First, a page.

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his S-3, Capt. Frederic C. Thompson, up to sort out the demoralized soldiers and replace the platoon and squad leaders who were hors de combat, then put his reserve, Company K, in to flank the German position. The reserve company made its way to the head of a draw from which the enemy could be taken in enfilade. While this flanking fire swept the German line, Company L (reorganized in two platoons of twentyfive men each) attacked with marching fire. The ridge was gained and most of the defenders killed, but this time the attackers lost only three men. Company I, advancing along a draw on which Werfers were directed, took many losses during the day. All told the 2d Infantry had made only a few hundred yards gain by the close of 24 December.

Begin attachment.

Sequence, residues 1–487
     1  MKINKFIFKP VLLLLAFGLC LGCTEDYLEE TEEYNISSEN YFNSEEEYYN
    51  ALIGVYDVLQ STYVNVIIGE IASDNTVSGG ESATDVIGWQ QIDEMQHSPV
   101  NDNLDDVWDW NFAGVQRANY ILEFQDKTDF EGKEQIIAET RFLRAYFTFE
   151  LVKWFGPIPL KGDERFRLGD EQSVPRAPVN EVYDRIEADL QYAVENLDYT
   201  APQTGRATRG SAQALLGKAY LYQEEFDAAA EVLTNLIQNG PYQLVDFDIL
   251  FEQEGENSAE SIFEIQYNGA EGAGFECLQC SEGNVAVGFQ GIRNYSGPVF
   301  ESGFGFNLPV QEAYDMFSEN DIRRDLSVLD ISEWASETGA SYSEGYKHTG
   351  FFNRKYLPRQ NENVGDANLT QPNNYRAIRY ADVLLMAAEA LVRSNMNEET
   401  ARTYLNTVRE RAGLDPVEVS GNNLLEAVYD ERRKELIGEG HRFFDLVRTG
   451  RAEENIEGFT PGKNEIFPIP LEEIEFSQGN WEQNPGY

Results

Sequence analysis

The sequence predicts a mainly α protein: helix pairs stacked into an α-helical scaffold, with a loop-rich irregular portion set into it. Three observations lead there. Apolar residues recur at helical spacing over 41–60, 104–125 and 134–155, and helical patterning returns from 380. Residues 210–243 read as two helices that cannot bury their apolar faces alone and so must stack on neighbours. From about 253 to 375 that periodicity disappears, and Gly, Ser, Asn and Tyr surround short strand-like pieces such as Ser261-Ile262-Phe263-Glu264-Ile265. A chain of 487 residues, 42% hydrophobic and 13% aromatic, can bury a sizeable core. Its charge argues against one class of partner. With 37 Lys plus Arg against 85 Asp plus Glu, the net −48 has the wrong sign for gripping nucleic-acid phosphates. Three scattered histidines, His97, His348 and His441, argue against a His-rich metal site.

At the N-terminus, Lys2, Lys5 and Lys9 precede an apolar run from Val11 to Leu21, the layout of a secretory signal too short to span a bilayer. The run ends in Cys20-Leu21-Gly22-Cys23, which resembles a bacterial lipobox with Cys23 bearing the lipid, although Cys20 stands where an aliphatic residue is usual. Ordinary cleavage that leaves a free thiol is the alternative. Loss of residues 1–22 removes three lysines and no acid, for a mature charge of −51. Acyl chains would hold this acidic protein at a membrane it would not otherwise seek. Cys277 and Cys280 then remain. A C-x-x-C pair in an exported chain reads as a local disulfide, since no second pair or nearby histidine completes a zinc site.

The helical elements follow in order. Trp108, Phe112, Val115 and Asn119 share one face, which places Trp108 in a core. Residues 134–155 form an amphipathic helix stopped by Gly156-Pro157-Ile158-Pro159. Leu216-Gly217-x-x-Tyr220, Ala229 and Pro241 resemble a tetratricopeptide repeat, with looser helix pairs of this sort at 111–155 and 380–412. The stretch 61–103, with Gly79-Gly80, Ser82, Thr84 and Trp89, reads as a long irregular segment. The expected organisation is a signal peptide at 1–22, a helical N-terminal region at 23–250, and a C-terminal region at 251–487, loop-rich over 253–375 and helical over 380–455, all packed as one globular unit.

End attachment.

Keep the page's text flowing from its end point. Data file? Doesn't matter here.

The 3d Battalion commander reported that the action had been like trying to catch a rat in a maze. The Germans, familiar with the ground, had run back and forth through the draws, popping up in new and unexpected positions. The Americans had lost direction and found maneuver difficult in the dense woods and jagged terrain, while their advance along the more direct paths offered by the draws had given the German batteries easy targets. After the untoward events of this first day the regimental commander instructed his battalions to avoid the draws as much as possible and work along the higher ground by short flanking attacks in which control could be retained.

The 11th Infantry took its attack positions during the night of the 23d in the rear of the 10th Armored screen, the 3d Battalion on the left at Larochette (Fels) and the 1st Battalion southeast of Christnach. Colonel Black had been ordered to put his main effort on the right in an attack up the draws in sup-